I am both Muslim and Bengali, says author Sharbari

I am both Muslim and Bengali, says author Sharbari

Part of the writers team of the show ‘Quantico’, the author was in the city for a reading of her novel

Sharbari Zohra Ahmed is a Bangladeshi American playwright, and screenwriter whose claim to fame was her stint with the ABC show ‘Quantico’ as a part of the writer’s team for the first season of the show. Metrolife caught up with the author while she was in the city for a reading of her book ‘Dust Under Her Feet’ that had been organised by Prabha Khaitan Foundation:

How was your experience working on Quantico?

I learnt so much, about writing and scripting for television. I was working on an American show which had an Indian actor headlining it. It was a moment of pride for me. 

Your family moved from Bangladesh when you were only three weeks. Do you go back often?

Every summer, we will go to Dhaka. I just didn’t live there for long, but my identity as a Bangladeshi American has shaped me and my work. I speak Bangala at home. A lot of what I write is about Bangladeshi culture; it is often an exploration of my identity and my personal introspections. 

Was it difficult growing up as a Bangladeshi in the US?

It was difficult in the sense that for Americans, we were unfamiliar. They didn’t really
understand us, or our culture. The other minority communities had been in the US for a much longer time, unlike the South Asian community. We were marginalised and othered. It was lonely being a little brown girl in the middle of so many white kids. Racism and ignorance, is still very much a part of my life, even though things have changed.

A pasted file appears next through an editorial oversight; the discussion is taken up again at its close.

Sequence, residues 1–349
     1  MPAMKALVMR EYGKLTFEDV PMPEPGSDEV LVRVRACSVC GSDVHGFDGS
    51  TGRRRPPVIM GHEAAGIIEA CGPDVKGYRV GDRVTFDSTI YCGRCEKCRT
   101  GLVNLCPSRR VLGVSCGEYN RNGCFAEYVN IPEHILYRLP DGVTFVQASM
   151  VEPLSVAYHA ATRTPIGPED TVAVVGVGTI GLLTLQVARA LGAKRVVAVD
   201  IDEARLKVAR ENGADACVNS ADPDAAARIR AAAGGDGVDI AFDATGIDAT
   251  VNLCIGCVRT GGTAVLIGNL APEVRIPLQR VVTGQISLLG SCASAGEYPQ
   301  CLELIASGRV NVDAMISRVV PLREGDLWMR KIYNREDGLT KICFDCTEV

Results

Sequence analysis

What inspired you to write ‘Dust Under Her Feet’?

The book is an exploration of what it is American and Bengali, at the same time. Bengal is the centre of great storytelling and so is, Hollywood. I grew up watching old English movies and listening to Bengali stories. The book is an attempt to bring these two identities. It was also about inspired by my mother’s childhood in Kolkata; she was born there, and she had to leave after the partition

Did your mother’s stories help you weave together the book, in terms of the setting?

The book is set in Kolkata of the 1940’s. World War II was happening at that point. With the Japanese bombing the city, its people experienced the war in a way the rest of the country had not. There was a lot of research involved. I travelled to the city, visited the National Library, and went through the archives. My mother’s stories helped too.

Your mother is from Kolkata and you are from Bangladesh. Is it difficult to negotiate that part of your identity?

I am a Muslim, but I am also a Bengali. Many of our ceremonies and festivities are essentially Hindu. For me, there has never been any conflict. I don’t care if people try to peg me as one or the other, I am both. 

What’s next for you? 

I’m working on a play called ‘Raisins, Not Virgins’, which is being produced in New York on Broadway. I’m working on a new novel and a film, as well.